4 In the absence of a disposition of property upon death, who inherits and how much?

In such a case, inheritance proceeds as determined by law: the deceased’s estate is inherited by their descendants, adopted children and their descendants, spouse, parents, adoptive parent and that person’s relatives, the deceased’s brothers and sisters and their descendants, and the deceased’s grandfathers and grandmothers and their descendants. A man and a woman who have been in a long-standing relationship without marrying may inherit from each other as spouses, but only if there are no reasons why a marriage between the two of them would have been invalid. The same applies if extra-marital or married partners are of the same sex, i.e. are partners in a registered or unregistered civil union of two men or two women (hereinafter: civil union (partnerska zveza)). These persons inherit in accordance with the order of inheritance, where the heirs from the closer order of inheritance exclude from inheritance persons from a more distant order of inheritance (Article 10 of the ZD).

First order of inheritance:

The deceased person’s descendants and spouse, as well as extra-marital partner or partner from a civil union, are in the first order of inheritance, and inherit equal shares before all others (Article 11 of the ZD).

On the basis of per stirpes distribution, the part of the estate that would initially have gone to a person if they had outlived the deceased is inherited by their children (the deceased’s grandchildren) in equal shares. If any of the grandchildren die before the deceased, the share that would have gone to them had they been alive when the deceased died is inherited by that grandchild’s children (the deceased’s great-grandchildren), in equal shares. This continues in the order down to the last of the deceased’s descendants (Article 12 of the ZD).

If the deceased’s spouse or extra-marital partner or a partner from a civil union does not have the necessary means for sustaining a livelihood and inherits along with other heirs of the first order of inheritance, the court may, at the partner’s request, decide that the spouse or extra-marital partner or partner from a civil union is also to inherit a part of that portion of the estate that was, according to the law, to be inherited by the spouse’s co-heirs. The spouse or extra-marital partner or partner from a civil union may request an increase in their share of the inheritance against all or individual co-heirs. The court may decide that the spouse or extra-marital partner or partner from a civil union is to inherit the entire estate if the value of that estate is so small that the spouse would suffer hardship were it to be divided (Article 13(1) of the ZD).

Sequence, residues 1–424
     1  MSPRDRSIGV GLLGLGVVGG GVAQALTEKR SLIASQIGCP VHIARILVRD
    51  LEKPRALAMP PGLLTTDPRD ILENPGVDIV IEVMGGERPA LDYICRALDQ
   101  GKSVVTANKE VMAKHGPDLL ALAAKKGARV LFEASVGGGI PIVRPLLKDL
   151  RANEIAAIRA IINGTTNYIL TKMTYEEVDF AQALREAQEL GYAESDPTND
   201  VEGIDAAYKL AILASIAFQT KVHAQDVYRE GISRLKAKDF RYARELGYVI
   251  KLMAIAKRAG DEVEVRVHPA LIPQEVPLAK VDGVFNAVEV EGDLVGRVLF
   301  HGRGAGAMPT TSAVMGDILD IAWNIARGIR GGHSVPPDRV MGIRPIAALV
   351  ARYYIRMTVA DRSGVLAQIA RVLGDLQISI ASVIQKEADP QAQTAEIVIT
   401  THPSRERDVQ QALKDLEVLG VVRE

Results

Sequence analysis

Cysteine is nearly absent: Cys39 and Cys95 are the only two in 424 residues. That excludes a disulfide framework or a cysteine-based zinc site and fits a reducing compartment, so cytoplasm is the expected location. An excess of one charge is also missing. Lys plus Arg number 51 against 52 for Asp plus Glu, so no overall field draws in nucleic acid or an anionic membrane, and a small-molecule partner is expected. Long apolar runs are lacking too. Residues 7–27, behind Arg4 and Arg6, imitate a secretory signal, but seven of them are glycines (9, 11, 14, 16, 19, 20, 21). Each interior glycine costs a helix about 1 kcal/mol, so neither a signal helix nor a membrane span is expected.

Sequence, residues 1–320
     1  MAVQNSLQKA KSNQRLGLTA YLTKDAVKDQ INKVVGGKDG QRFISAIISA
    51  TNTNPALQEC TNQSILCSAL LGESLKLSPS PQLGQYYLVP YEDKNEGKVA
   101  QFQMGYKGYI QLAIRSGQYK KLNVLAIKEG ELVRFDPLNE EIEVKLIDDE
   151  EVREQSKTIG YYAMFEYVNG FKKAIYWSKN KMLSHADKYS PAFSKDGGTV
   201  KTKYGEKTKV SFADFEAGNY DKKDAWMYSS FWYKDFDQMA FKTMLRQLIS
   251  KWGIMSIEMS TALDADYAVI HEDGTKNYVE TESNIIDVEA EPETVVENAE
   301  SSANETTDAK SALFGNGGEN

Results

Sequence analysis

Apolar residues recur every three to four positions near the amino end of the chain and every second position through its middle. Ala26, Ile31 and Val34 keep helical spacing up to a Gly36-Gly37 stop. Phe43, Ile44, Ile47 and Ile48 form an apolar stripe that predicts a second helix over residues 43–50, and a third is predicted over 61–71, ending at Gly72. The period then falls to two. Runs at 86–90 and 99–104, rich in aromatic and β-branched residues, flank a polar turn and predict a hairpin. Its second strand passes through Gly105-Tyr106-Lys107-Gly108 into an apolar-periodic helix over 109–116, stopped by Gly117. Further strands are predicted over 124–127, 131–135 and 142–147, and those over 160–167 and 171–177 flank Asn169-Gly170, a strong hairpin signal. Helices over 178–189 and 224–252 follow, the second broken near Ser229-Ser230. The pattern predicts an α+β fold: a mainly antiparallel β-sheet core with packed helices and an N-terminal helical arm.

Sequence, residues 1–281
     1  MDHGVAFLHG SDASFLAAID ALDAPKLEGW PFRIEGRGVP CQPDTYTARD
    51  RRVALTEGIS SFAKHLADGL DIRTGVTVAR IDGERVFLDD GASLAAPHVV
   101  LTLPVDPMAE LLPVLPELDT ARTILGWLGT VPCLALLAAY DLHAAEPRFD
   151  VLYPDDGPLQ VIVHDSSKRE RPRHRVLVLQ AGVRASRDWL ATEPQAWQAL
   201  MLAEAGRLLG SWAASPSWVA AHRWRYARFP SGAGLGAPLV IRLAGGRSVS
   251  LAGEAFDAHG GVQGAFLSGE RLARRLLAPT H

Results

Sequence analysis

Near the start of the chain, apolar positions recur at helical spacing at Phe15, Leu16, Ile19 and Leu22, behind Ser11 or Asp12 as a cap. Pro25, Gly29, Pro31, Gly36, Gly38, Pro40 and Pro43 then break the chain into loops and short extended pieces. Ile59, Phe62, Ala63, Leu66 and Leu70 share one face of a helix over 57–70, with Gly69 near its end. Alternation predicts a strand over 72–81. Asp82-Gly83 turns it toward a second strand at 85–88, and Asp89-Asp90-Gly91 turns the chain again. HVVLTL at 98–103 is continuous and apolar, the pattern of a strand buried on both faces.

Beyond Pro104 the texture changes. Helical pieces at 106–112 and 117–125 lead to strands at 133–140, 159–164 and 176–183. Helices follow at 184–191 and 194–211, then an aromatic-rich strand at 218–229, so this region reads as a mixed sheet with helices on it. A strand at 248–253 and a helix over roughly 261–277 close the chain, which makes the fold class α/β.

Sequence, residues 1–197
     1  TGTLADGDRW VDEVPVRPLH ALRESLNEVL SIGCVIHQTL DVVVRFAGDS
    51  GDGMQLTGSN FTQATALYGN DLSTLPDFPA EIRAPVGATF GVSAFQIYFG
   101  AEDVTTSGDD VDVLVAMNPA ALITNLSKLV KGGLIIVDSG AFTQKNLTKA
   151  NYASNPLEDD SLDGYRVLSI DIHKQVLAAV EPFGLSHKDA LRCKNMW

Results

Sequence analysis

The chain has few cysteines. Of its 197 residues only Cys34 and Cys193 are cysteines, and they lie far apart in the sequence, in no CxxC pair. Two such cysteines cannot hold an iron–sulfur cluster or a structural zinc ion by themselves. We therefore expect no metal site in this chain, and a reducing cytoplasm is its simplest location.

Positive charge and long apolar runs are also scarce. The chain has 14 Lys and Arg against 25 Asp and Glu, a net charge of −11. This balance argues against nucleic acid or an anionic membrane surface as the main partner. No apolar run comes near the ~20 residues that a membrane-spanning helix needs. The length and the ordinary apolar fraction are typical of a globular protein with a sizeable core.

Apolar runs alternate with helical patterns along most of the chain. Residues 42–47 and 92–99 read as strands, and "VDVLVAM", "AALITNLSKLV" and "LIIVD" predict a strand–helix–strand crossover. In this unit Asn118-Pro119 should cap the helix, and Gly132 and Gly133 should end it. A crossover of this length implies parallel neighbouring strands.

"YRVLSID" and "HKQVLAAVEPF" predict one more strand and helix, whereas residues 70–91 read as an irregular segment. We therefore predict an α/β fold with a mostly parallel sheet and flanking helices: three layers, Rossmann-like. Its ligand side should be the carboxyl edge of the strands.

If other heirs of the first order of inheritance who do not have the necessary means for sustaining a livelihood inherit along with the deceased’s spouse or extra-marital partner or partner from a civil union, the court may, at their request, decide that they are also to inherit a part of that portion of the estate that was, according to the law, to be inherited by the spouse or extra-marital partner or partner from a civil union. All or individual co-heirs may request an increase in their inheritance share to the detriment of the spouse or extra-marital partner or partner from a civil union (Article 13(2) of the ZD).

Individual co-heirs who do not have the necessary means for sustaining a livelihood may also request an increase in their inheritance share to the detriment of other co-heirs (Article 13(3) of the ZD).

The court may decide that all or individual co-heirs are to inherit the entire estate if the value of that estate is so small that they would suffer hardship were it to be divided (Article 13(4) of the ZD).

In deciding on the above requests regarding an increase or reduction in inheritance share, the court pays due regard to all the circumstances of the case, particularly the co-heirs’ pecuniary conditions and ability to engage in gainful activity, and the value of the estate (Article 13(5) of the ZD).

Second order of inheritance:

In the second order of inheritance, the estate of a deceased person with no living descendants is inherited by their parents and spouse or extra-marital partner or partner from a civil union. The deceased person’s parents inherit equal shares of one half of the estate and their spouse or extra-marital partner or partner from a civil union inherits the other half. If the deceased person has no living spouse or extra-marital partner or partner from a civil union, the deceased’s parents inherit equal shares of the entire estate (Article 14 of the ZD).

If either of the deceased’s parents pre-decease that person, the portion of the estate that would have gone to that parent had they survived the deceased is inherited, on the basis of per stirpes distribution, by that parent’s children (i.e. the deceased’s brothers and sisters), that parent’s grandchildren and great-grandchildren and further descendants, under the rules applying to cases where children and other descendants inherit the estate of a deceased person (Article 15(1)).